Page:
THE FIGHTER: Zamperini (O'Connell) spent two years in a Japanese POW camp; director Jolie and the real-life hero, who passed away last July at age 97.
At the height of the Second World War, Louis Zamperini and two other American army colleagues were lost at sea, 47 days on a raft adrift in the Pacific Ocean, feeding on raw fish, fending off shark attacks and enduring vicious sunburns. Rescued by the Japanese, he spent two years in a prisoner-of-war camp in that Asian Country, where was subjected to all sorts of abuse at the hands of hostile soldiers intent on eliminating "the enemy" of their country and their cause. Miraculously, after overcoming such horrific experiences, Zamperini emerged whole, bruised but not broken, and ready to dive back into the stream of life. If all this says anything to take to heart, it's that the human spirit is endlessly elastic and capable of surprising in ways you never imagined.
That's the feeling one comes away with after watching Unbroken, Angelina Jolie's captivating though ultimately uneven account of Zamperini's story. The film doesn't always strike the most emotionally authentic notes, but as with any film that deals with tragic loss, there are scenes so wrenching you can't look away and, at the same time, it chronicles an important and incredible true story centred on a man who, for many, epitomizes the very definition of survivor.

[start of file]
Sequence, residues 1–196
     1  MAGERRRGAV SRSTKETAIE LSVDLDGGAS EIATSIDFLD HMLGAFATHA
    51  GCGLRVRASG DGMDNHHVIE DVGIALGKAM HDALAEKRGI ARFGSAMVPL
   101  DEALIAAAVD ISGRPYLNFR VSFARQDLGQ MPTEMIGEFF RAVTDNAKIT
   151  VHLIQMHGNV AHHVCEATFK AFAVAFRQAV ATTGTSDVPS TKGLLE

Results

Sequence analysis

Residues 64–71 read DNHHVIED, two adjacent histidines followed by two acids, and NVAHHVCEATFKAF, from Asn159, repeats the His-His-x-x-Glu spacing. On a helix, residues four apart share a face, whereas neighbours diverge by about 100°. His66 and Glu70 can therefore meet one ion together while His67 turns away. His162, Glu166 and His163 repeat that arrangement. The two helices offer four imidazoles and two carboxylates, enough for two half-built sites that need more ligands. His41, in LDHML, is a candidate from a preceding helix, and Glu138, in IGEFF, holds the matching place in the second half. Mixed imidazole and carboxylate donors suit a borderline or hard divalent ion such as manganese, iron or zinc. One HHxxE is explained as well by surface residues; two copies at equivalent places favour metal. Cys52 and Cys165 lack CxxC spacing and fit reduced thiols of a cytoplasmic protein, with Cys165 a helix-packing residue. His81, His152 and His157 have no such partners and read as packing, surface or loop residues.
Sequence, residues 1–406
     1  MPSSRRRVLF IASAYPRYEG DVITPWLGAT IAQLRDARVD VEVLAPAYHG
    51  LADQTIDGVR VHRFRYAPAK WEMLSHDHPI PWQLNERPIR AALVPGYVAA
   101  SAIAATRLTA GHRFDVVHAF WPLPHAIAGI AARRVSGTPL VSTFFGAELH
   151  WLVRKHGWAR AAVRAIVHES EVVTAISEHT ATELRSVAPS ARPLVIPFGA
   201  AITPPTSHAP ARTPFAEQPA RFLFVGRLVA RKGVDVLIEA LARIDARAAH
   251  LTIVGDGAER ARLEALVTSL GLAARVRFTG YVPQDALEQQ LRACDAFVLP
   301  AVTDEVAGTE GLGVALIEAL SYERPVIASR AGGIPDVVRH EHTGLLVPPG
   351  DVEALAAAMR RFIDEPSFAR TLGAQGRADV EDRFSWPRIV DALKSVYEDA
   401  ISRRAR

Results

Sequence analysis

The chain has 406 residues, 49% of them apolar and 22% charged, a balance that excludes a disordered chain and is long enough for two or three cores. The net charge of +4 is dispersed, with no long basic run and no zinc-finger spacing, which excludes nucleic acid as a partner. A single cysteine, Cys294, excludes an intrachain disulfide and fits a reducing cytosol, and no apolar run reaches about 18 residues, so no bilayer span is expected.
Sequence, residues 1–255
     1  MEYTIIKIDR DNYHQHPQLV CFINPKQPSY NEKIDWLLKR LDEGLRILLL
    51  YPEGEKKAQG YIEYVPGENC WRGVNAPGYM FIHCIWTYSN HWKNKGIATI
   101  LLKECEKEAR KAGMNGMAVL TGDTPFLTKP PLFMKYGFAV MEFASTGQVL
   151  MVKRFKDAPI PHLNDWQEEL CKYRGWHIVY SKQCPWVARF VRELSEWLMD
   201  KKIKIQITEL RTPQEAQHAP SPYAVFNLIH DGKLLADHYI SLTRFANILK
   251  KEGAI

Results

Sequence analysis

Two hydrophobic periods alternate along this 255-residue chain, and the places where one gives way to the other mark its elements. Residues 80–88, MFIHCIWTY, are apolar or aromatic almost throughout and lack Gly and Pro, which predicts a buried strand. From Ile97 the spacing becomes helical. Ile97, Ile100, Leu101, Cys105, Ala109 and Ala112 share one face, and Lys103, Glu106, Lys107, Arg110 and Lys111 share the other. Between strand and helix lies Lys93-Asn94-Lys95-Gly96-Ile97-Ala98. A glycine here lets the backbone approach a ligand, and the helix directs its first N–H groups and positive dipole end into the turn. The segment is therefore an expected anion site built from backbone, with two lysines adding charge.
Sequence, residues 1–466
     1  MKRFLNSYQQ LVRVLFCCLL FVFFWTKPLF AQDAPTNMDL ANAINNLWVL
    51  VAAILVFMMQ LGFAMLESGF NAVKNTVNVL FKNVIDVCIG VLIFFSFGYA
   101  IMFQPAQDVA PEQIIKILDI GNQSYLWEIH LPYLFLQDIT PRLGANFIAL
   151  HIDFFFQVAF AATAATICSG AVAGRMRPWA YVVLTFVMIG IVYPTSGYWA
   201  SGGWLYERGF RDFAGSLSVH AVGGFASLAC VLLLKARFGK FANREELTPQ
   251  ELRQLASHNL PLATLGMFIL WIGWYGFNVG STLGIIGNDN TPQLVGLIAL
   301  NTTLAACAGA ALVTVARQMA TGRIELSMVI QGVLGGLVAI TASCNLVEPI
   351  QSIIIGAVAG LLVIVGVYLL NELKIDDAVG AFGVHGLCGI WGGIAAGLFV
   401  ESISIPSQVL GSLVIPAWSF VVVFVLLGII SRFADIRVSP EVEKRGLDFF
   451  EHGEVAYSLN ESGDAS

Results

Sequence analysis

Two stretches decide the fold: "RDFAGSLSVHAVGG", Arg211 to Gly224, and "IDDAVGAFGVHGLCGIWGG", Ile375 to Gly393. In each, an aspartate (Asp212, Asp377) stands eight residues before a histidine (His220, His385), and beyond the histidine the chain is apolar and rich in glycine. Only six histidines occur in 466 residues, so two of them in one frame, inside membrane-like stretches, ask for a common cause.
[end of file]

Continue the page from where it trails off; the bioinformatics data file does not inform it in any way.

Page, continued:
But there's more. What makes Zamperini's story all the more intriguing is his trajectory as an Olympic long-distance champion-turned-soldier, hailing from a family of Italian immigrants who fought tooth-and-nail to make their way in a foreign land, determined to achieve their vision of the American Dream.
As convincingly portrayed by British sensation Jack O'Connell, Zamperini comes across as a ne'er-do-well who, spurred on by the motivations of an older brother, found purpose only to have it subsumed when, in service of his country and fellowmen, an aerial rescue mission goes horribly wrong.
Based on Laura Hildenbrand's bestselling book, Unbroken finds its most compelling moments in its stark, gripping depiction of resilience, courage and the will to live. (Roger Deakins' vivid cinematography is also an asset.) Jolie's ambitious film version affirms all these priceless qualities and more, but you can't help concluding that it's not the epic cinematic achievement it could have been. Still, for what it's worth, you come away from the viewing with renewed appreciation for the fresh air that you breathe and the other simple everyday pleasures that we take for granted. Tyrone's Verdict: B+
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